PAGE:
Skip to main content

In order to see how far the English Premier League has risen, it helps to look at how far Manchester United has fallen.

The club remains one of the most profitable ventures in the history of sport. Last year, United turned over revenues of nearly $1-billion. Its brand is still king – one of a handful of teams that is watched and admired in every corner of the planet.

But between the frugality of its American owners and the fickleness of the market, United cannot figure out how to put together a roster suitable to the club’s stature. It is as though the New York Yankees had to draw their players exclusively from the Arizona Fall League.

The club finished sixth last year and took no trophies – one of its worst results in 30 years. Paul Pogba, far and away the best player on the squad, made it clear he wanted to leave. After an excruciating summer of push-pull, he didn’t get his wish. One imagines Pogba will return refreshed and happy to continue working with a bunch of colleagues he neither likes nor rates.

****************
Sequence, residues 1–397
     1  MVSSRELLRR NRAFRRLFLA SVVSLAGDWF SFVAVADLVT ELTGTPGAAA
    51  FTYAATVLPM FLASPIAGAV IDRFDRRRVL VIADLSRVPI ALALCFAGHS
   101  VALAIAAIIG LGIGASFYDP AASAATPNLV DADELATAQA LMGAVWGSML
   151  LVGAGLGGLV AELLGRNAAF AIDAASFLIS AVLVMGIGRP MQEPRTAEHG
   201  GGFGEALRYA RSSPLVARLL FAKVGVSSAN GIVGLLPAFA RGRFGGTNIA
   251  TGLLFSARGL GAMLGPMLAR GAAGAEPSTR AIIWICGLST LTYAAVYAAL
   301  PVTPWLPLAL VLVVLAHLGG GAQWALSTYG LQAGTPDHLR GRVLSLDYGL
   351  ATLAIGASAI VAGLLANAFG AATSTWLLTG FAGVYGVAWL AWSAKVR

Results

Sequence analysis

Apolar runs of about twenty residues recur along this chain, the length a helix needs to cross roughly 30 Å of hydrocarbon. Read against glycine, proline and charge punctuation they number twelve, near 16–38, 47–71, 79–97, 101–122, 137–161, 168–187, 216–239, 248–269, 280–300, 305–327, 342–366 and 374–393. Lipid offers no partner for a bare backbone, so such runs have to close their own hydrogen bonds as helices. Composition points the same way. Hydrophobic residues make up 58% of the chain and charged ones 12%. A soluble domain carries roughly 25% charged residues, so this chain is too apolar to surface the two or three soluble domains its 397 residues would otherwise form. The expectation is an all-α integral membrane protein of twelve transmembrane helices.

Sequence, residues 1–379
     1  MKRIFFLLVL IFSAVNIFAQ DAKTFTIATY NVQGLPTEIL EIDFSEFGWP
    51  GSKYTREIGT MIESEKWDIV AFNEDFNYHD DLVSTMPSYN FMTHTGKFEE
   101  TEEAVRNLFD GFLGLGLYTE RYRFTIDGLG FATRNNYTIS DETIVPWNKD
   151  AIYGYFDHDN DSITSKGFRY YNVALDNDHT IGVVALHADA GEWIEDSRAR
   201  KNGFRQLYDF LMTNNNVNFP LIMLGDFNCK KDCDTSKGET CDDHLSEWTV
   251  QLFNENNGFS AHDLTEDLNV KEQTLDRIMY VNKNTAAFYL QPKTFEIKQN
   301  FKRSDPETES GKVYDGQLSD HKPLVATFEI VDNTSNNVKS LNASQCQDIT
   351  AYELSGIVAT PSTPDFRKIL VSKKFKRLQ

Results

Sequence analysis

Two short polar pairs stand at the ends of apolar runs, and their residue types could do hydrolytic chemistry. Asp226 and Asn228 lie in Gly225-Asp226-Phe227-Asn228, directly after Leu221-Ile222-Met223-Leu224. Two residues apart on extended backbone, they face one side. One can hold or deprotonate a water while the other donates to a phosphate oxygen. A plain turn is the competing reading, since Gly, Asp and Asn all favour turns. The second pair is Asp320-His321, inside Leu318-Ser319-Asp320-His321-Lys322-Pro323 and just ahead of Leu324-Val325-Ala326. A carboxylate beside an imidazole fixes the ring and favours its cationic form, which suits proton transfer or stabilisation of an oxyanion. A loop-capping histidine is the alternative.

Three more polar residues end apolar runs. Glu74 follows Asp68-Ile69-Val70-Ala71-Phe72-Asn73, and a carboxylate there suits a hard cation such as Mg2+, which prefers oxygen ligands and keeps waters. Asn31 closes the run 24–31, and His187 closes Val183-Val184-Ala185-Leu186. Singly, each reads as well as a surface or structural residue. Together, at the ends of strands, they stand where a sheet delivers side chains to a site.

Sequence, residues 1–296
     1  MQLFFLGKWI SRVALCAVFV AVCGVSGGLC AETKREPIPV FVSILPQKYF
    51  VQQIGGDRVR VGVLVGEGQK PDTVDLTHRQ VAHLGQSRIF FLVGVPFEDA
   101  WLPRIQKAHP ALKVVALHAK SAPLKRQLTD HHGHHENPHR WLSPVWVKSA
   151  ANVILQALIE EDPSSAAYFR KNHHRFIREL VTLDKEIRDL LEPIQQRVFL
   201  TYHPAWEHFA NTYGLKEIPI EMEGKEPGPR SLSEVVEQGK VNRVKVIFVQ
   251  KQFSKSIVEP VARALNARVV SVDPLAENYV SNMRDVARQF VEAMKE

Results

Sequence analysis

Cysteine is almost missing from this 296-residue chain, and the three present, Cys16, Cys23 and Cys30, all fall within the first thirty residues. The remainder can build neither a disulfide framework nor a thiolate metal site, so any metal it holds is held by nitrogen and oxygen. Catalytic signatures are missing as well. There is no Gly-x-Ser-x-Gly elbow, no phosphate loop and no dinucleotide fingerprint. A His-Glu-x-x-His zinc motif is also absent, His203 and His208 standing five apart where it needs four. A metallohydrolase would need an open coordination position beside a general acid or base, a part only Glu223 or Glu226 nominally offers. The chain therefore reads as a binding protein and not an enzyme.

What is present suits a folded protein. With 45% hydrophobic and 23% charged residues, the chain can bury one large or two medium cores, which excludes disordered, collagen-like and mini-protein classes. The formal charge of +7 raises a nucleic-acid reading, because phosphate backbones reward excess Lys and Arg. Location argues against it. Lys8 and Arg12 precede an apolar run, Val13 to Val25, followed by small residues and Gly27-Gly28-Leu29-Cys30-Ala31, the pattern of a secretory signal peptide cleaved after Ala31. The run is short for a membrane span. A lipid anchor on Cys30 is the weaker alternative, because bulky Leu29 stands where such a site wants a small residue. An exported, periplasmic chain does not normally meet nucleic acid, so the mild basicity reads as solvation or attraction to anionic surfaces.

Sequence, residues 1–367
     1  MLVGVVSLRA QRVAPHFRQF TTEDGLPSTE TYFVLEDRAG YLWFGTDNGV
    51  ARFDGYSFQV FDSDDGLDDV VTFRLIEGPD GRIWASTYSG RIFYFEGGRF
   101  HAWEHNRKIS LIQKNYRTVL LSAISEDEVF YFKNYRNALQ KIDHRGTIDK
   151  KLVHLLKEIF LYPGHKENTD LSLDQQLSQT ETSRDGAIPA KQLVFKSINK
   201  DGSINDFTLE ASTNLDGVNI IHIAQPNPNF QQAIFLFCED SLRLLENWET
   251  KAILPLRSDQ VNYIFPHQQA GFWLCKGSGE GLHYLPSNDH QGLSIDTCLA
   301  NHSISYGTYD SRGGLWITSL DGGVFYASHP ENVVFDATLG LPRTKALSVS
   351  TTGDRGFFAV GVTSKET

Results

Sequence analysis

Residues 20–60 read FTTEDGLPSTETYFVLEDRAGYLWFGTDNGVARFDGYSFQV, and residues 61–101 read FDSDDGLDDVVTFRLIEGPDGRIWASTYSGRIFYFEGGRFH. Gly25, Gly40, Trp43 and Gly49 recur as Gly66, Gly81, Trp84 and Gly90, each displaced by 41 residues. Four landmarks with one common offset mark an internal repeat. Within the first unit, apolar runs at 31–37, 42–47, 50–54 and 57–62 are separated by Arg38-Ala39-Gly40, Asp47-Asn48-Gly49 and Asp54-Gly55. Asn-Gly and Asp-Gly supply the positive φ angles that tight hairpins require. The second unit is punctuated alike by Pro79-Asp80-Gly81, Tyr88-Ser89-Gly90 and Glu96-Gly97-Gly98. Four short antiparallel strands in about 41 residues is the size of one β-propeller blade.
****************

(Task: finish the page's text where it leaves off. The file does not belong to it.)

United did add one major player – galumphing centre back Harry Maguire, who is now the most expensive defender in history. Rather than prove United’s bona fides (no other truly top team was interested in Maguire), it showed that both teams in Manchester have to pay a hidden tax in order to acquire talent. Only one of them can afford it.

On Thursday, United’s sophomore manager, Ole Gunnar Solskjaer, announced he’d experienced a “great feeling of relief” when the transfer window closed. That is loser talk.

Poor Solskjaer. He was brought in to save United’s 2018-19 season and, for his sins, was given a permanent position. He now looks like he ages a month for every day he’s in the job. By April, the ratio may be up to a year-per.

The Premier League kicks off in full on Saturday. If you plan on watching, remember that cable TV is now a zombie medium. As of this year, Canadians can only view EPL games on an internet streaming platform, DAZN.

If you choose to be cheap, here’s a précis of how things will go. Manchester City or Liverpool will win it. Over the summer, City used its bottomless Emirati wallet to pad a squad already bursting with quality. City’s bench might now qualify as one of the 10 best teams on Earth.

Liverpool made no significant changes, either an indicator of enormous confidence or the dithering that presages the imminent end of the fun times.